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In Fort Hood aftermath, Pentagon opens two reviews

Threat-identification policies, quality of casualty care assessed

Defense Secretary Robert Gates, left, accompanied by Joint Chiefs Chairman Adm. Michael Mullen, gestures during a news conference at the Pentagon, Thursday, Nov. 19, 2009, to discuss the Fort Hood shootings. (AP Photo/Kevin Wolf)
Defense Secretary Robert Gates, left, accompanied by Joint Chiefs Chairman Adm. Michael Mullen, gestures during a news conference at the Pentagon, Thursday, Nov. 19, 2009, to discuss the Fort Hood shootings. (AP Photo/Kevin Wolf) (Kevin Wolf - AP)
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Washington Post Staff Writer
Friday, November 20, 2009

The Pentagon is launching an urgent review of whether military procedures hinder the identification of service members who pose a threat to their fellow troops.

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As part of the 45-day investigation, Defense Secretary Robert M. Gates ordered an examination of whether Army policies and procedures played any role in failing to prevent the Fort Hood shootings. The review will also assess medical screening and discharge policies, programs to assess service members before and after they deploy, as well as procedures for reporting "adverse service member information," he said.

Gates also ordered a separate in-depth investigation, lasting four to six months, into potential "systemic institutional shortcomings" in the military services related to care for victims of mass-casualty incidents, the performance of health-care providers and stress on the force.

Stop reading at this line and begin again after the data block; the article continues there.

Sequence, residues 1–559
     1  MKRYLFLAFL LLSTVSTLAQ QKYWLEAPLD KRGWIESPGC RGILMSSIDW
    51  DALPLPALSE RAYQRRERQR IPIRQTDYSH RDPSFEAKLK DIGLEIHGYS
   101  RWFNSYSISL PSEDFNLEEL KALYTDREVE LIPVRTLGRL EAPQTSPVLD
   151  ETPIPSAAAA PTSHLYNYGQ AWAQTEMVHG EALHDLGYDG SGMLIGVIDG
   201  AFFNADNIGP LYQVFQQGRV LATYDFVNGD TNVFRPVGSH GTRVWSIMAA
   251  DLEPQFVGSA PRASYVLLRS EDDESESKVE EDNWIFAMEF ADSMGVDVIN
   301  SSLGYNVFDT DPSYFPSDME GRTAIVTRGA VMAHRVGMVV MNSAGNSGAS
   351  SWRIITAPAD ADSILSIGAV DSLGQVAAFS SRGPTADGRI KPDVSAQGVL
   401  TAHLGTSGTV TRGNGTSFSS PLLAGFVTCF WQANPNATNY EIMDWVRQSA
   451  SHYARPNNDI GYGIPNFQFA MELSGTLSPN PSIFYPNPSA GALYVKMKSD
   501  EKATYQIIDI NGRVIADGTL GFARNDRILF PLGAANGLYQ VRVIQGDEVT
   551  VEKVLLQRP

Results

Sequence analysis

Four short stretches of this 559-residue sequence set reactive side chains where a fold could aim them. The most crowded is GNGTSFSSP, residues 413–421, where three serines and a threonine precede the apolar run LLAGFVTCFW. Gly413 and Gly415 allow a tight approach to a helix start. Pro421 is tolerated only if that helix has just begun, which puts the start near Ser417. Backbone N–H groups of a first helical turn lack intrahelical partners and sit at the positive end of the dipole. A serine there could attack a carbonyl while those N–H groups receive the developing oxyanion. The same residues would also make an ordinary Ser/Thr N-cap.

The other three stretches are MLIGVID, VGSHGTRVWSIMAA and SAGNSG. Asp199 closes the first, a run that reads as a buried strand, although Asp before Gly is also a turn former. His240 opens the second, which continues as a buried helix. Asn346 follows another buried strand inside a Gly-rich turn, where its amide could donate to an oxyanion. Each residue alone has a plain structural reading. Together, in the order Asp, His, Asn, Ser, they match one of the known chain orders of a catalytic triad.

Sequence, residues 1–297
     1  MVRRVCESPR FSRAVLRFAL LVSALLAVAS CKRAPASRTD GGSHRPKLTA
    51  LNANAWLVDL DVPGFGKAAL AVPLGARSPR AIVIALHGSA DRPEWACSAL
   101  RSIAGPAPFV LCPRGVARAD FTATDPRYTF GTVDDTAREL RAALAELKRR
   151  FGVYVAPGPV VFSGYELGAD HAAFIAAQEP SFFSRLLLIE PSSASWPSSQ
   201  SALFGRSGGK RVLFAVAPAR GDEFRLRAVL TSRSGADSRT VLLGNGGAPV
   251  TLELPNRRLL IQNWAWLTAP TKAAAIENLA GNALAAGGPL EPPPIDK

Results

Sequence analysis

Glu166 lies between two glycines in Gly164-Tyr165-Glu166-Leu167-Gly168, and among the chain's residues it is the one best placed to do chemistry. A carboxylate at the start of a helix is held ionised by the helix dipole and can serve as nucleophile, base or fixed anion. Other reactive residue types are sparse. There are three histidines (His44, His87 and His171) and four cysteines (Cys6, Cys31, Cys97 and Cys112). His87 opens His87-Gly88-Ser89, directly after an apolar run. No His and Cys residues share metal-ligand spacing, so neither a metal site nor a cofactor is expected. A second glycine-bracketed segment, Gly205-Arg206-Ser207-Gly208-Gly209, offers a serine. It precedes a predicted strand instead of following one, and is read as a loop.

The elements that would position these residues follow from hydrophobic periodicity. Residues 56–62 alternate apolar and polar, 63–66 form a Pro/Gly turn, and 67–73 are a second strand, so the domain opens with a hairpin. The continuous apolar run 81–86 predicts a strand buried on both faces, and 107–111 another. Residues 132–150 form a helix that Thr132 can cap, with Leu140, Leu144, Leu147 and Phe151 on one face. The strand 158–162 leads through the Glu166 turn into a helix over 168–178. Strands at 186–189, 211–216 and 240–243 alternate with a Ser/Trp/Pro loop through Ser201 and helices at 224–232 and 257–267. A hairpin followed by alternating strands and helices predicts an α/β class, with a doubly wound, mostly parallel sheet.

Word of the Pentagon reviews came on the same day that a Senate committee held the first public hearing on the attack that killed 13 people and wounded dozens at the Army post in Texas.

Sen. Joseph I. Lieberman (I-Conn.), chairman of the Homeland Security and Governmental Affairs Committee, began the hearing by saying he believed the incident was "a terrorist attack." He added that senators wanted "to determine whether that attack could have been prevented, whether the federal agencies and employees involved missed signals or failed to connect the dots."

As more becomes known about the behavior of the suspect, Maj. Nidal M. Hasan, before the shootings, pressure has mounted on the Obama administration and the military to explain why the Army psychiatrist did not warrant further investigation or preemptive action.

U.S. intelligence officials knew last year that Hasan had been corresponding with a radical Islamic cleric; earlier this year investigators learned of Internet postings, allegedly by Hasan, that indicated sympathy for suicide bombers; and colleagues of Hasan's at Walter Reed Army Medical Center said the "intensity" of his embrace of Islam raised concerns among doctors there.

Identifying 'deficiencies'

Gates said the Army's "in-depth, detailed assessment" would look at "whether the Army programs, policies and procedures reasonably would have prevented the shooting." The goal, he said, is "to determine whether, in fact, there were lapses or problems."

The secretary promised "full and open disclosure" of the findings, adding that avoiding "similar tragedies" is imperative.

Togo D. West Jr., the former veterans affairs secretary and Army secretary, and retired Adm. Vernon Clark, a former chief of naval operations, will lead the 45-day review. It will look for "deficiencies" in Pentagon procedures for "identifying service members who could potentially pose credible threats to others," Gates said.

Adm. Mike Mullen, chairman of the Joint Chiefs of Staff, joined Gates at the news conference and said that commanders are responsible for taking necessary action, should service members make radical statements. While not referring to the Hasan case, Mullen said his expectation is "for any commander certainly to be aware of those kinds of things and then to take appropriate action . . . to certainly not sit idly by but to address it." Still, he said, "a single proclamation, if you will, doesn't, in and of itself necessarily mean anything. You've got to put it into the circumstances."

Asked whether he believes management failures in the Army played any role in the Fort Hood shootings, Gates replied, "If there are questions of accountability, the Army would address those internally." He said he was confident in the service's ability to "investigate itself."

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